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Missouri Supreme Court Eases Penalty For Not Paying Court Fines

Arch City Defenders executive director Thomas Harvey speaking during a 2014 meeting of the Ferguson Commission.
File photo | Jason Rosenbaum | St. Louis Public Radio

The Missouri Supreme Court issued anew rule two weeks ago that eases the financial burden on poor people facing big fines in municipal courts. The new rule should reduce the number of people who spend time in jail for failing to pay fines. 

The order is a partial response to thepleas from professors at Saint Louis University School of Law and theArchCityDefenderswho called for changes in the rule last fall. The reform was a leading demand of the Ferguson protesters.

The revised rule allows indigent defendants to pay fines on the installment plan. Defendants who intentionally refuse to pay fines could be jailed for 30 days. But the new rule says that if “the judge finds that the failure to pay the fine is excusable, the judge shall enter an order allowing the defendant additional time for payment, or may … waive the collection of all or part of any unpaid portion of the fine.”

Thomas Harvey, head of ArchCity Defenders said he was glad to have received a significant part of what his group requested. “As always, it is part of what we asked for and I am glad the Court took this important step to alleviate the burdens these fines place on poor people,” he wrote in an email.

Harvey had requested that the state Supreme Court order judges to proportion their fines based on the financial resources of the defendant.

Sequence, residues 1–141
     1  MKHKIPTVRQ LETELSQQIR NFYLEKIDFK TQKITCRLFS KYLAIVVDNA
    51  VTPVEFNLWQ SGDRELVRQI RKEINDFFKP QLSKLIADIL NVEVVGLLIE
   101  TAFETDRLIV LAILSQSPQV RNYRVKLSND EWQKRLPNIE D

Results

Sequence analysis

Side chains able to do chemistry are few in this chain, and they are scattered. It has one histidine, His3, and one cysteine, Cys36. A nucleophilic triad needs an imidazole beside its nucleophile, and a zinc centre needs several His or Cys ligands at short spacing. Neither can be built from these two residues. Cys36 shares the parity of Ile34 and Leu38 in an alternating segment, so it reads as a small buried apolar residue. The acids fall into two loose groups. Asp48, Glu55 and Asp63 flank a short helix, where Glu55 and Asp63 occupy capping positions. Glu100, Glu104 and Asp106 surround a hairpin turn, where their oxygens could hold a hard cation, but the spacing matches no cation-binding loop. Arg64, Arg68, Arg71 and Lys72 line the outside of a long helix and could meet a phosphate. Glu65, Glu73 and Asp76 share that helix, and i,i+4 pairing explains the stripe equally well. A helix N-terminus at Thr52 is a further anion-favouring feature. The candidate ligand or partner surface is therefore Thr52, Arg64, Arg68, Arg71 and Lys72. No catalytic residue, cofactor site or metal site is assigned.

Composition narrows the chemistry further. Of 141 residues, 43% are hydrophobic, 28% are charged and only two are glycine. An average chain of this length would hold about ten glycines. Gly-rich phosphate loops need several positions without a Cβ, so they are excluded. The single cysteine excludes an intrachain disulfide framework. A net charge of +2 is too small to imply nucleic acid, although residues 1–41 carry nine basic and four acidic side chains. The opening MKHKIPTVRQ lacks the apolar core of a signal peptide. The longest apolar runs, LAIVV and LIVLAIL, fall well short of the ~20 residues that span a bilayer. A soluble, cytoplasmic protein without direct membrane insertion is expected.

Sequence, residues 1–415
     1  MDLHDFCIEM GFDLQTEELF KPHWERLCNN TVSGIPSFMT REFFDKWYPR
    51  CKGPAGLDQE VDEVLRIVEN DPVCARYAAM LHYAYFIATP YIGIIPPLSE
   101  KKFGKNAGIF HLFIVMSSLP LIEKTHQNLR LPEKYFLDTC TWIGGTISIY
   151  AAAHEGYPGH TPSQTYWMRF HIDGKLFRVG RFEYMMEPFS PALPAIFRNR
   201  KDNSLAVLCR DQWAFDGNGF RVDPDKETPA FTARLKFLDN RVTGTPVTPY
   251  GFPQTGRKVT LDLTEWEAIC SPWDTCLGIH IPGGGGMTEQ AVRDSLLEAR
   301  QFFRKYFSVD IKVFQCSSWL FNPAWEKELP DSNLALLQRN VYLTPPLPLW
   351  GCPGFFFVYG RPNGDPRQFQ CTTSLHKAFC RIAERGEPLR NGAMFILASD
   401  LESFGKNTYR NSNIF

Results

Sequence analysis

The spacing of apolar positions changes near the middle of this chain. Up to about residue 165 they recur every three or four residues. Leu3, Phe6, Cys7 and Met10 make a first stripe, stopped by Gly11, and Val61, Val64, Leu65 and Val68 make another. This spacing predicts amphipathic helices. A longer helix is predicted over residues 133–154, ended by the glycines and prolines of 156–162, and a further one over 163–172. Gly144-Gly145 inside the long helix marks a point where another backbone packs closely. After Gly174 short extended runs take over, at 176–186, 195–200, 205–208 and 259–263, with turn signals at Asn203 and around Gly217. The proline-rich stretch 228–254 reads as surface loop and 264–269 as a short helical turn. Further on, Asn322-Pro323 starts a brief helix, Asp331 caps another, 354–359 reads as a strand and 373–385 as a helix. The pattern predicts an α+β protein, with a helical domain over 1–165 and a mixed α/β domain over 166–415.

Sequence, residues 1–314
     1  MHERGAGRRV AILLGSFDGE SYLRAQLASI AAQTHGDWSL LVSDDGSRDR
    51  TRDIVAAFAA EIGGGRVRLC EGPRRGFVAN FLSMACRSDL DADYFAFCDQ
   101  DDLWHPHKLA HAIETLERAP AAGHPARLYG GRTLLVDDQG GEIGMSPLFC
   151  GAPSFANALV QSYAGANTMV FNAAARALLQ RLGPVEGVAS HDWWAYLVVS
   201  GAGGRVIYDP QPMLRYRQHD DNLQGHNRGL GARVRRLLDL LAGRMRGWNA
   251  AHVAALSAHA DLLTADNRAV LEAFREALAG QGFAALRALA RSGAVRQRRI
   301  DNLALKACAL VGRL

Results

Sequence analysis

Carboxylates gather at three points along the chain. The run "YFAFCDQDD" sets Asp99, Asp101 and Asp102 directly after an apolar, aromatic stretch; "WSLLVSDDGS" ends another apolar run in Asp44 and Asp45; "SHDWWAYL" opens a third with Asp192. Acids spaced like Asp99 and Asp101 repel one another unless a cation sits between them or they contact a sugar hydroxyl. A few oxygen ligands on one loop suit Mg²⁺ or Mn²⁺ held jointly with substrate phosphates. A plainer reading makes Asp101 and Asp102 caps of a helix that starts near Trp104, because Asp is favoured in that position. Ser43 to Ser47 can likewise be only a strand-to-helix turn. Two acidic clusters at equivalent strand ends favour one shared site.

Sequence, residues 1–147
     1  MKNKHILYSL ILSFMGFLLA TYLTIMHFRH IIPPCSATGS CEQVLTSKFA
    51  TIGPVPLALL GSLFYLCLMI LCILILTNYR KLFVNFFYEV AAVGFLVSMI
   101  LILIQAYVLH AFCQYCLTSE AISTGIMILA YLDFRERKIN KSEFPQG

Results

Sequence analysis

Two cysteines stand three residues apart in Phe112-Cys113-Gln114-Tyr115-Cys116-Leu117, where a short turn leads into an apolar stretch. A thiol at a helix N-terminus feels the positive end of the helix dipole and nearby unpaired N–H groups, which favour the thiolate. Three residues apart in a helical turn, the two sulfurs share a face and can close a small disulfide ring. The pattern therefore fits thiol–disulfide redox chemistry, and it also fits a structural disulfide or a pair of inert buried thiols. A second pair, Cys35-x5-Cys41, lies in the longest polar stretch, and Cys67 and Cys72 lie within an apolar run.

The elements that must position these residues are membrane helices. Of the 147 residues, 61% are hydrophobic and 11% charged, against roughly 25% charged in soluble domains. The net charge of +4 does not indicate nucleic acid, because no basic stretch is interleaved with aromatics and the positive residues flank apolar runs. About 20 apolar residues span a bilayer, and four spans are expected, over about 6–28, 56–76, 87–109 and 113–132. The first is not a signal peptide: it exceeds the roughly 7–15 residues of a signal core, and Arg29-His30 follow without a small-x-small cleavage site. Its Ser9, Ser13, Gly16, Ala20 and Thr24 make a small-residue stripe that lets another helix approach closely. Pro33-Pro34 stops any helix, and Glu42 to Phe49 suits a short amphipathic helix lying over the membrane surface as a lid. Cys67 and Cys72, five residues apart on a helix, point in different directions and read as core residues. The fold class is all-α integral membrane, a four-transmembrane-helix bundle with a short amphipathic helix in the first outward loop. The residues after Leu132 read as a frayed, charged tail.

Frank J. Vatterott, a veteran municipal judge in Overland who heads the St. Louis County Municipal Court Improvement Commission, opposed the proportional fines.  He thought it was a violation of equal protection to fine poor people less for a law violation, such as an assault, than a wealthy person.

Karen Tokarz, a professor at the Washington University School of Law, called the new rule "an excellent effort by the Missouri Supreme Court to address a growing concern about the operation of municipal courts and the harsh economic impact on many individuals."

She suggested that "the next step is to develop procedures for courts to use in assessing an individual's financial resources.  Other municipal court problems to be addressed by the Supreme Court, the municipalities, or the Missouri legislature include the need for caps, community service alternatives, uniformity of fines across municipalities and the elimination of standing detention orders without judicial findings."

The new Supreme Court rule 37.65 was issued by the full state Supreme Court over the signature of Chief Justice Mary Russell.  It was issued on Dec. 23, but has not been previously reported. The rule goes into effect July 1, 2015.

William H. Freivogel is a professor in the Southern Illinois University's School of Journalism, a contributor to St. Louis Public Radio and publisher of the Gateway Journalism Review.